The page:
Who gets and stops explosive rushing?

Coaches love talking about explosion plays. You want to get a lot of them and give up very few.

We looked at offensive explosion plays -- plays of 20 or more yards -- on Tuesday and defenses that prevented explosion plays on Wednesday. Today we look at explosion plays in terms of rushing offense and rushing defense. On Friday, we'll look at explosion plays in terms of passing numbers.

So here's how the Pac-12 stacked up in 2010 (again, thanks to ESPN Stats & Information). The number to the left in national rank. The number to the right is the total number of explosion plays in the running game in 2010.

4. Oregon... 39

25. Stanford... 21

29. Washington... 20

29. UCLA... 20

49. USC... 16

49. Utah... 16

66. Arizona... 14

66. Arizona State... 14

83. Oregon State... 12

91. California... 11

91. Colorado... 11

99. Washington State... 10

Not many surprises here, though Oregon State's and California's totals might seem low, considering the quality of their tailbacks: Jacquizz Rodgers and Shane Vereen.

Some other thoughts.

  • Oregon ranked second in 2009 (39) and third in 2008 (37). The Ducks, Nevada and Georgia Tech each ranked in the top five the past three seasons.

  • California ranked 18th in 2009 with 24 runs of 20 or more yards, and eighth in 2008 with 30, so its drop-off in 2010 was substantial.

  • With Toby Gerhart, the 2009 Heisman Trophy runner-up, Stanford had 20 runs of 20 or more yards. Without him in 2010, it had 21. That said: In 2008, when the Cardinal went 5-7 and Tavita Pritchard was the starting QB, it produced 25 such runs, which ranked 12th in the country.

  • In 2008, UCLA and Washington State tied for 109th in the nation with just six explosion runs. In 2009, Washington State had 10 and UCLA nine, thereby ranking 95th and 98th, respectively. While the Bruins new pistol offense didn't help the passing game, it certainly helped produce explosion plays in the running game, more than tripling the 2008 output and more than doubling what was produced in 2009.

  • Buffalo ranked last in the nation with just two runs of over 20 yards, the worst total over the past three seasons. Nothing to do with the Pac-10, but that's really, really pathetic.

But do piling up explosion plays in the run game correlate to winning? Short answer: More often than not, though a lot has to do with scheme (Georgia Tech and Navy, for example, run triple-options and don't pass much). Here's the top 10 in 2010 with the team's record in parentheses to the right.

1. Georgia Tech... 45 (6-7)

2. Northern Illinois... 42 (11-3)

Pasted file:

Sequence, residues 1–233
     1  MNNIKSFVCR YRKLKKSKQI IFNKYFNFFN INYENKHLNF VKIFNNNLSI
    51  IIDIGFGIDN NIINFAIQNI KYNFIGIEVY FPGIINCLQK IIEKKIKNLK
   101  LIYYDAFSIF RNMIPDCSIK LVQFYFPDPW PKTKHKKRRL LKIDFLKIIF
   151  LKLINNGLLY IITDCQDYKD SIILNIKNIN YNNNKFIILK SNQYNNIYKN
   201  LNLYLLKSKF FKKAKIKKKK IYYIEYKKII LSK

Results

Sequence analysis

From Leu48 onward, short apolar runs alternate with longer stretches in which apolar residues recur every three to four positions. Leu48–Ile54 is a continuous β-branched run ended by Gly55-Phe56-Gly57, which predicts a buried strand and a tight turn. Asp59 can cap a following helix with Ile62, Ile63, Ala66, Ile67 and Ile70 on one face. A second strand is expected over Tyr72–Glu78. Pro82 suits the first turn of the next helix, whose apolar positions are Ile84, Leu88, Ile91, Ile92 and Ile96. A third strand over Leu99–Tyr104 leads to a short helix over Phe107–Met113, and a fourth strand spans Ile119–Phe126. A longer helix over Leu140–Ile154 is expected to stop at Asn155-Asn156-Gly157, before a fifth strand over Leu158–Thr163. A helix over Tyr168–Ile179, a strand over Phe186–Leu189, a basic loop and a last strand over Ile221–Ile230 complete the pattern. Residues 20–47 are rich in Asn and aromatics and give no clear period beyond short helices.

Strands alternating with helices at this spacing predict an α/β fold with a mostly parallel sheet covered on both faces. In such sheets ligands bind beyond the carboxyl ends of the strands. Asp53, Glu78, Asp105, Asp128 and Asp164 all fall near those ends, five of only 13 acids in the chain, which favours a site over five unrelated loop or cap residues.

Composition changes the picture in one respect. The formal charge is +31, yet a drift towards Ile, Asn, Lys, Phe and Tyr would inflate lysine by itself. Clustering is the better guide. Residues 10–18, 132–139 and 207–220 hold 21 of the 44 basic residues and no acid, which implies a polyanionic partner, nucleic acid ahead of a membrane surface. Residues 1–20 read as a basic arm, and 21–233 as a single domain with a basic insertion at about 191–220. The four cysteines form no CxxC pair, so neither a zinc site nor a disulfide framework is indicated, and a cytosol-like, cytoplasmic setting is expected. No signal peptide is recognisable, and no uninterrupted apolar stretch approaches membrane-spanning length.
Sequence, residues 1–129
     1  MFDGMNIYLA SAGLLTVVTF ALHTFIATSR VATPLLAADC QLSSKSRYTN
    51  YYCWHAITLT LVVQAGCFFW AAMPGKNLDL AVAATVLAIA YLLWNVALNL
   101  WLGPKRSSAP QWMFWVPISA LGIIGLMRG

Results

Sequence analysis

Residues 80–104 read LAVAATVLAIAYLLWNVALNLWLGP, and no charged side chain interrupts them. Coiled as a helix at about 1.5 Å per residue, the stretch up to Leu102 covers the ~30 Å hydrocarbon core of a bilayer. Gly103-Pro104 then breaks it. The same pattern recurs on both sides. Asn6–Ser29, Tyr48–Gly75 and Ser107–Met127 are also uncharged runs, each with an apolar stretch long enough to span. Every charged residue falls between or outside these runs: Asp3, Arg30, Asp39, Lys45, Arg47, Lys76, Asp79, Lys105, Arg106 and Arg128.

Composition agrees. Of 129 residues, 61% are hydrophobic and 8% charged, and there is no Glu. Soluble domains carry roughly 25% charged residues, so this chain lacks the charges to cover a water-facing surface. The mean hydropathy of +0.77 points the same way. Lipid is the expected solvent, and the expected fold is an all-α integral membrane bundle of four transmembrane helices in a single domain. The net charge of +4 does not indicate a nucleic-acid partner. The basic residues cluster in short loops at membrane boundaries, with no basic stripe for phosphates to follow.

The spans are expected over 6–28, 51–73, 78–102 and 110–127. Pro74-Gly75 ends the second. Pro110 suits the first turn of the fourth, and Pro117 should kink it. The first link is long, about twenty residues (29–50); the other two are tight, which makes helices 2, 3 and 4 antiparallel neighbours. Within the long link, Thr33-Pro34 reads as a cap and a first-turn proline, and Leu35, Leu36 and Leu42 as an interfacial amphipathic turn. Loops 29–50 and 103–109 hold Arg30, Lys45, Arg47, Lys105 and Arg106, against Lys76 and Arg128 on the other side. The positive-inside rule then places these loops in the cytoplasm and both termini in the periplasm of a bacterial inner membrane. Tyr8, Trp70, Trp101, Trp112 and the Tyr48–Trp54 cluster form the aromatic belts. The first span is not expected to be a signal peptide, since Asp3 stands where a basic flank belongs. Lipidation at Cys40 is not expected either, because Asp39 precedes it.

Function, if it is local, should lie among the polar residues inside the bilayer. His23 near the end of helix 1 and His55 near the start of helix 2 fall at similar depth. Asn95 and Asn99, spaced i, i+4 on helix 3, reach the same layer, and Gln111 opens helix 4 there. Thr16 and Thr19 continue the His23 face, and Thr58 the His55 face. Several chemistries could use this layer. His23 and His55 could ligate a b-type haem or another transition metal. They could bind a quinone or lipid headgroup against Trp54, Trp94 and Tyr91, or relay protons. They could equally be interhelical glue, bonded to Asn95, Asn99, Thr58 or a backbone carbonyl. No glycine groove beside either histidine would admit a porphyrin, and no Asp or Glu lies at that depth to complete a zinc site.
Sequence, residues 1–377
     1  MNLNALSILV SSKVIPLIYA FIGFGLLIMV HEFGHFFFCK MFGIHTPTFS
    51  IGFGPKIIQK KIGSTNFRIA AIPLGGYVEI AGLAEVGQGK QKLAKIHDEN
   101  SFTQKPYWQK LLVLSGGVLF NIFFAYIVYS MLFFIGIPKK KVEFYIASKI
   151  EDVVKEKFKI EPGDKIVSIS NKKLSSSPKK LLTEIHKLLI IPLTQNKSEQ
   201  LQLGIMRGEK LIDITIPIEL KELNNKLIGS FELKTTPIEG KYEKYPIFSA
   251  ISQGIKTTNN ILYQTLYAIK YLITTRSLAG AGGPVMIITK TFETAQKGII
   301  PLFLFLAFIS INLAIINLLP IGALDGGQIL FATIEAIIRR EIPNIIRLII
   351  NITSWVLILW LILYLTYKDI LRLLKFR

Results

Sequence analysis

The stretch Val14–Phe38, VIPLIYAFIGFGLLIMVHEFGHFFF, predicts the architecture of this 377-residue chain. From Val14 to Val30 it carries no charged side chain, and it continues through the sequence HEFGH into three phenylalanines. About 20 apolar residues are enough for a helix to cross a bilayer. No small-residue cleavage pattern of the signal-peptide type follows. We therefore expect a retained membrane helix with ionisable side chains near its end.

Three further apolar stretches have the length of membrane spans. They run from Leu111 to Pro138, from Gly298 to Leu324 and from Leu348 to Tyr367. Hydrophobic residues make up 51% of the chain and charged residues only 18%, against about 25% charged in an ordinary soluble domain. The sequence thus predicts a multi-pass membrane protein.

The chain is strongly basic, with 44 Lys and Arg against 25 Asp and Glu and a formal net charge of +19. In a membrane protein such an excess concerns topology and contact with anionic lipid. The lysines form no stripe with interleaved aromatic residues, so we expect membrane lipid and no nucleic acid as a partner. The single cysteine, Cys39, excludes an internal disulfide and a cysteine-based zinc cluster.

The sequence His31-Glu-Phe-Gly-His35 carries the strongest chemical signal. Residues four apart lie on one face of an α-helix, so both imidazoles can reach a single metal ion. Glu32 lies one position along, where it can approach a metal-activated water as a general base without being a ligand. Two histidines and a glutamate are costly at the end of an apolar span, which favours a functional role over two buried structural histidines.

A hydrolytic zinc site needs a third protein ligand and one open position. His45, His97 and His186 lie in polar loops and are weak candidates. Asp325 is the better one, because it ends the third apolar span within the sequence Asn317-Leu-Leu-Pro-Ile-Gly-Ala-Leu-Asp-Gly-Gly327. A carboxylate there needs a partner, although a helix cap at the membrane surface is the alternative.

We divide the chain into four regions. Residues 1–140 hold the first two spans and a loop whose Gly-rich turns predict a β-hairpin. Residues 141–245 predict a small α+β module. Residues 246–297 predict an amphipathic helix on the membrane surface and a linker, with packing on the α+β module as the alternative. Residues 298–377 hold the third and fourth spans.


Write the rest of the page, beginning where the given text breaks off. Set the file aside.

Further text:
3. Auburn... 41 (14-0)

4. Oregon... 39 (12-1)

5. Nevada... 38 (13-1)

6. Nebraska... 36 (10-4)

7. North Texas... 32 (3-9)

8. Mississippi... 31 (4-8)

9. Baylor... 30 (7-6)

10. Tulsa... 28 (10-3)

10. Navy... 28 (9-4)

Three teams -- including No. 1 -- posted losing records. On the other hand, seven won nine or more games and six won 10 or more.

Now, on to defense, starting with the Pac-12.

The number to the left in national rank. The number to the right is the total number of rushing explosion plays yielded in 2010.

2. Arizona State... 6

13. Arizona... 9

13. Utah... 9

13. California... 9

37. Oregon State... 12

45. Stanford... 14

59. Oregon... 16

82. Colorado... 18

90. USC... 19

98. Washington... 22

103. UCLA... 23

117. Washington State... 29

Arizona is a bit surprising because the Wildcats struggled against the run this season, particularly over the second half of 2010. Stanford is a little low because it gave up four runs of 20-plus yards in its loss to Oregon.

Some other thoughts.

  • Oregon State's number isn't bad, but in 2009 it was tied for fourth in the nation -- and No. 1 in the Pac-10 -- after yielding just six explosion rushing plays.

  • Oregon had better defensive numbers this season than in the previous two, but the Ducks gave up only nine explosion rushing plays in 2008 and 2009.

  • This is clearly an area where Washington struggles. In 2009, it gave up 21 explosion rushing plays (102nd in nation) and 22 in 2008 (102nd in nation).

  • Washington State yielded 22 rushing explosion plays in 2009 (106th in nation) and 34 in 2008 (worst in the nation) Cougars: You need to get better here.

  • In 2008, Tennessee gave up just one run of 20 or more yards. No other team over the past three seasons has yielded fewer than three. In 2009, under new defensive coordinator Monte Kiffin, it gave up 21, which ranked 102nd in the nation. This past season, while Kiffin was in his first season at USC, the Vols yielded 16, which ranked 59th, tied with USC. In 2009, the year before Kiffin arrived at USC, the Trojans yielded 13, which ranked 42nd. Just saying.

  • While a number of teams are consistently good in this area -- Ohio State, Florida and South Florida, to name a few -- only Iowa ranked in the top 10 the past three seasons.

But do limiting rushing explosion plays on defense correlate to winning? Short answer: Not as much as you'd think, at least this past season. Here's the top 10 in 2010 with the team's record in parentheses to the right.

1. Iowa... 5 (8-5)

2. Arizona State... 6 (6-6)

2. Boston College... 6 (7-6)

4. Purdue... 7 (4-8)

4. Iowa State... 7 (5-7)

4. SMU... 7 (7-7)

4. Florida... 7 (8-5)

4. Ohio State... 7 (12-1)

9. Temple... 8 (8-4)

9. Michigan State... 8 (11-2)

9. Buffalo... 8 (2-10)

9. Wyoming... 8 (3-9)

That's six teams (out of 12) at .500 or below, including two teams who combined for 19 losses. Just two teams -- Ohio State and Michigan State -- won double-digit games. Oklahoma went 12-2 despite giving up 25 rushing explosion plays, which ranked 109th in the nation. Heck, Kansas State finished 7-6 despite giving up 31 such plays, worst in the nation.

That said: Seven of the 12 teams that gave up 25 or more explosion plays finished with losing records, and four won three or fewer games.